The packets of the data-flow sent by sending host SH contain a special multicast destination-address indicating, the flow should be sent to all potential receiving hosts RH1-RH66. Subsequently, the first data-packet of the flow is initially sent to the broadcasting means BRM of the router belonging to switch-router SR1. The broadcasting means BRM of the router belonging to switch-router SR1 then broadcasts the first data-packet towards the routers belonging to switch-router SR2, SR4 and SR7 and the delay-timer of the delaying means DEM of the router belonging to switch-router SR1 is started. The broadcasting means BRM of these, just mentioned, routers forward the data-packet on its turn, to all adjacent downstream switch-routers, that is towards the respective routers SR3, SR5, SR8, and SR10. The delay timers of delaying means DEM of the routers belonging to these switch-routers are also started. In the same way as before the data-packets are broadcasted towards the receiving hosts RH1-RH6 via the respective remaining switch-routers SR6, SR9 and SR11. In this way the receiving hosts RH1-RH6 are posted a data flow will be sent towards each receiving host of the group.

It is further assumed that the receiving hosts RH2, RH4 and RH6 are not interested in the data-flows sent. To notify the intermediate routers on the respective path's down to switch-router SR1 that these receiving hosts RH2, RH4 and RH6 are not interested in the data-flow to be sent, a prune-message will be sent in direction of switch-router SR1 via the respective adjacent downstream routers of switch-routers SR3, SR6 and SR1.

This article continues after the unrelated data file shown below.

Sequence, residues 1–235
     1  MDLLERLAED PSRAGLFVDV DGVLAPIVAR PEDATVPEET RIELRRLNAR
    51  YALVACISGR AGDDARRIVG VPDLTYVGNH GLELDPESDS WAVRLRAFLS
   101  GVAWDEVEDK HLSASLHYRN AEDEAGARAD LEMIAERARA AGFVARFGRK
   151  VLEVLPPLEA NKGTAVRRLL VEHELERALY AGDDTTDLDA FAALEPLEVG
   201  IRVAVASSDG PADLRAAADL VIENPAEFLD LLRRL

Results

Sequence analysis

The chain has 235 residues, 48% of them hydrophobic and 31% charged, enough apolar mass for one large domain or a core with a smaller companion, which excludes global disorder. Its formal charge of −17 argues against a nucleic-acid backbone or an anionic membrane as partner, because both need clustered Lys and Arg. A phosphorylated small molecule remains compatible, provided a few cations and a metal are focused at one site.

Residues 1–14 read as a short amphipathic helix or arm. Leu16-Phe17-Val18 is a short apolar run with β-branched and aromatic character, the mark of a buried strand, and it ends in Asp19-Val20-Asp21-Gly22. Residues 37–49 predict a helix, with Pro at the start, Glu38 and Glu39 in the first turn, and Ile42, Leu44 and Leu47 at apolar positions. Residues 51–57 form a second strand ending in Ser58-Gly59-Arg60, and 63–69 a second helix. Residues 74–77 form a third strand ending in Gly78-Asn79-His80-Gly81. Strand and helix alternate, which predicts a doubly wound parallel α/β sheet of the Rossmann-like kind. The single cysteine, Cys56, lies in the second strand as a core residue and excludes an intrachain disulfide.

All routers of intermediate switch-routers SR1-SR11 on their turn expect they may receive a prune-message and therefore, these routers of intermediate switch-routers SR1-SR11 will wait during the delay-time before the shortcut route establishing means SEM are activated.

The prune-messages sent by receiving hosts RH2, RH4 and RH6, in the mean time are passed via the respective routers belonging to switch-routers SR3, SR6 and SR11. By sending these prune-messages the delaying means DEM of the routers of switch-routers SR3, SR6 and SR11 are deactivated and consequently the corresponding shortcut route establishing means SEM are disabled. In this way all, the shortcut route establishing means SEM of the three receiving hosts RH2, RH4 and RH6 are disabled, meaning that no shortcut path will be set-up over the respective links between switch-routers SR3, SR6 and SR11 and the respective receiving host RH2, RH4 and RH6. In case of receiving hosts RH2 and RH4 the routers of switch-routers SR3 and SR6 do not further pass the prune-message in direction of switch-router SR1 because the other, receiving hosts RH1 and RH3 do want to receive the internet protocol packet-flow and wherebetween consequently a shortcut path has to be set-up . In this way, no shortcut path will be set-up towards the receiving hosts RH2 and RH4.